Armenians in Lausanne Peace Treaty

The military victory of the Turkish Independence War came to a conclusion with the Mudania Armistice on 11 October 1922. The point in question after this was the construction of permanent peace with a diplomatic struggle. There was no article about Armenians in the Mudania Armistice. The first article of decisions of the 14 articles about the principals to be followed during the negotiations given by the Council of Ministers to TBMM committee invited to Lausanne Peace Treaty was “The issue of Eastern border (Armenian Land) cannot be of concern, if it does the interruption of negotiations becomes required.” In Ankara, a very determined policy about the Armenian problem at the cost of not signing the treaty by informing that any of the demands or pressures would not be accepted about the Armenian problem in Lausanne. Moreover, it was decided that a population exchange for Armenians living in Anatolia would be indirectly taken as a principle by the statement that minorities are needed to be exchanged in the ninth articles of these instructions. On the other hand, while the studies for Lausanne Conference started, Armenians demanded to attend the conference as the Armenian Committee for the issues related to minorities and Armenians to be concluded in Lausanne and did a very large preparation.

Armenians wanted to defend their cause in the Lausanne Conference by union of the committee representing the Armenian Republic and founded with the name the Armenian Republic Committee under the leadership of Aharonyan and Hadisyan with the committee named Armenian National Committee founded under the leadership of Noradunkyan and Leon Paşalıyan more with the influence of the Dashnakian Organizations. As a result, it was decided between these two committees to act in full alliance about all issues concerning Armenians (Beyoğlu, 130-131).

The Armenian problem was discussed in the context of negotiations on the protection of minority rights in the sessions dated 12, 13, 14-20 of December 1922 and 6-9 of January 1923. Lord Curzon claimed in his opening speech on 12 December 1922 that the solution to this problem was smoothed by the move of a large population as a result of the war. Curzon declared that there were presumably 130,000 left in Istanbul and in Yerevan, part of Soviet Republic, there was the existence of a so-called Armenian state which could not accept any more population as it had 1,250,000 Armenians already. The Turkish delegate, Ismet Pasha, briefly summarized the condition of Armenians in the Ottoman Empire and the current situation by citing from foreign sources as well. Ismet Pasha explained the fact that it was impossible to establish an Armenian state within Turkish borders:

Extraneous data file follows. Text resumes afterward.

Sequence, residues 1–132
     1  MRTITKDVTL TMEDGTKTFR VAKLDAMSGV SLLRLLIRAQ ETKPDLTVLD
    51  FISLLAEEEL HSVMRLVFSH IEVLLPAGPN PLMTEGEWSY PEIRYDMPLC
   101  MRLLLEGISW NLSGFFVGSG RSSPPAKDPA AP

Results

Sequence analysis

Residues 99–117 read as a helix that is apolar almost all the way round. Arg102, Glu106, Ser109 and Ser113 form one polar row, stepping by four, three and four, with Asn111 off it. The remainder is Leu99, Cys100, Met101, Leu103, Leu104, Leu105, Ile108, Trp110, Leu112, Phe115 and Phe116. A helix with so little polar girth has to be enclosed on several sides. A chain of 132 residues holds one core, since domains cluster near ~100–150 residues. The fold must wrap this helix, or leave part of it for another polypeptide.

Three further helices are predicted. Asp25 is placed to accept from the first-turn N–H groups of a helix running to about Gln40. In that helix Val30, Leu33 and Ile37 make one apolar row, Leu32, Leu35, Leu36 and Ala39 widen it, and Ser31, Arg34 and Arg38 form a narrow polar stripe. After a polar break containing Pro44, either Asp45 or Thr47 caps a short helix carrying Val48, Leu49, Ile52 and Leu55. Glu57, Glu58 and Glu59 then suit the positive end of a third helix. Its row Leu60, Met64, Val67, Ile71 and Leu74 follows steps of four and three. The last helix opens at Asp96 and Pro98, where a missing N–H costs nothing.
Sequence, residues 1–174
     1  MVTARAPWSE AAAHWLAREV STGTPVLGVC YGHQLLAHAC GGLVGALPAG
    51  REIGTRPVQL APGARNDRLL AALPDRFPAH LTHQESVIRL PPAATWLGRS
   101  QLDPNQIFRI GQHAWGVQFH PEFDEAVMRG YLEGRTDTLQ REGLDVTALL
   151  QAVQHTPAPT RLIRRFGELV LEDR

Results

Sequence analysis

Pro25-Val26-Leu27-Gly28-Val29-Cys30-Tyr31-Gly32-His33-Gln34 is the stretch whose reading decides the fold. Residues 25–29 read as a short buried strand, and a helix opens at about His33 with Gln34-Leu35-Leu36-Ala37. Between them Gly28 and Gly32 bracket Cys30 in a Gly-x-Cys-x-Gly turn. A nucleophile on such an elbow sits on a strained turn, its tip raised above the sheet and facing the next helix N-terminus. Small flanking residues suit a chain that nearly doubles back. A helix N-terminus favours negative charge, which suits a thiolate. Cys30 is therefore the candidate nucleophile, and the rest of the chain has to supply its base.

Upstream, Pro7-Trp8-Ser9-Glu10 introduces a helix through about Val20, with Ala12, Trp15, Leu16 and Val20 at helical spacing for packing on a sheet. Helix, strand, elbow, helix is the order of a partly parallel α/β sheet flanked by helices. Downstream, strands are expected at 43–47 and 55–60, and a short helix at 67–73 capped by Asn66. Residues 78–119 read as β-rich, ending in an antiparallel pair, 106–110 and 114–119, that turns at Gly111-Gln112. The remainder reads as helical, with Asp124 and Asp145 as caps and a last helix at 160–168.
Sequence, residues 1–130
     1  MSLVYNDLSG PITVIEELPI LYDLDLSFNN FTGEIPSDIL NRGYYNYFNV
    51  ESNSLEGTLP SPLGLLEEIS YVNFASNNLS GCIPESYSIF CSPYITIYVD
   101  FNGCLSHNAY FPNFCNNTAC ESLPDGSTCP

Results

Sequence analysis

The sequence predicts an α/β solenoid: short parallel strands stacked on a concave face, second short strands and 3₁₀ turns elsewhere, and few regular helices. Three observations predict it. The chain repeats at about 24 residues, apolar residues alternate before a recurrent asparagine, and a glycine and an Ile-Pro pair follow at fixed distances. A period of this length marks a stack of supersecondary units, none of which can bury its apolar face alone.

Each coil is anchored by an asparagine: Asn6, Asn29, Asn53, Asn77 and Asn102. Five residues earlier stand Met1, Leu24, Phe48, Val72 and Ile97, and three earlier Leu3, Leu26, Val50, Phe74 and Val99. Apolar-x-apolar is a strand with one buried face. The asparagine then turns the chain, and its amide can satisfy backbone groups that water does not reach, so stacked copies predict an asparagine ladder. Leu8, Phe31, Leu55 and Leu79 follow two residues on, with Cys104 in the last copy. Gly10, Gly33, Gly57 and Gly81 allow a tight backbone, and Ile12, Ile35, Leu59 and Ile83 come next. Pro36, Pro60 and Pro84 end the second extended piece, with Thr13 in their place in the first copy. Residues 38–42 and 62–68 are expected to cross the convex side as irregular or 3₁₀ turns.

Turkish Nation gives to the minorities the rights that the civilized world recognizes but cannot accept any new offer which would put its independence under risk; the best way of emancipating minorities is not to provoke them to relations which would stain them abroad and to protect them from such relations. They should not depend on a compassion coming from abroad. Then, all of them can live among Turkish citizens after the peace treaty. Both sides will recover soon if the organizations working abroad to use Armenian problem as a maintenance tool or a weapon are destroyed. Armenians who wish to stay in Turkey can live comradely with Turkish citizens. However, there is no possibility that Turkish lands can be separated from homeland for an Armenian state neither in eastern provinces nor in Cilicia. Turkey has already signed contracts with current Armenian Republic. Turkey cannot even imagine the establishment of a new Armenia”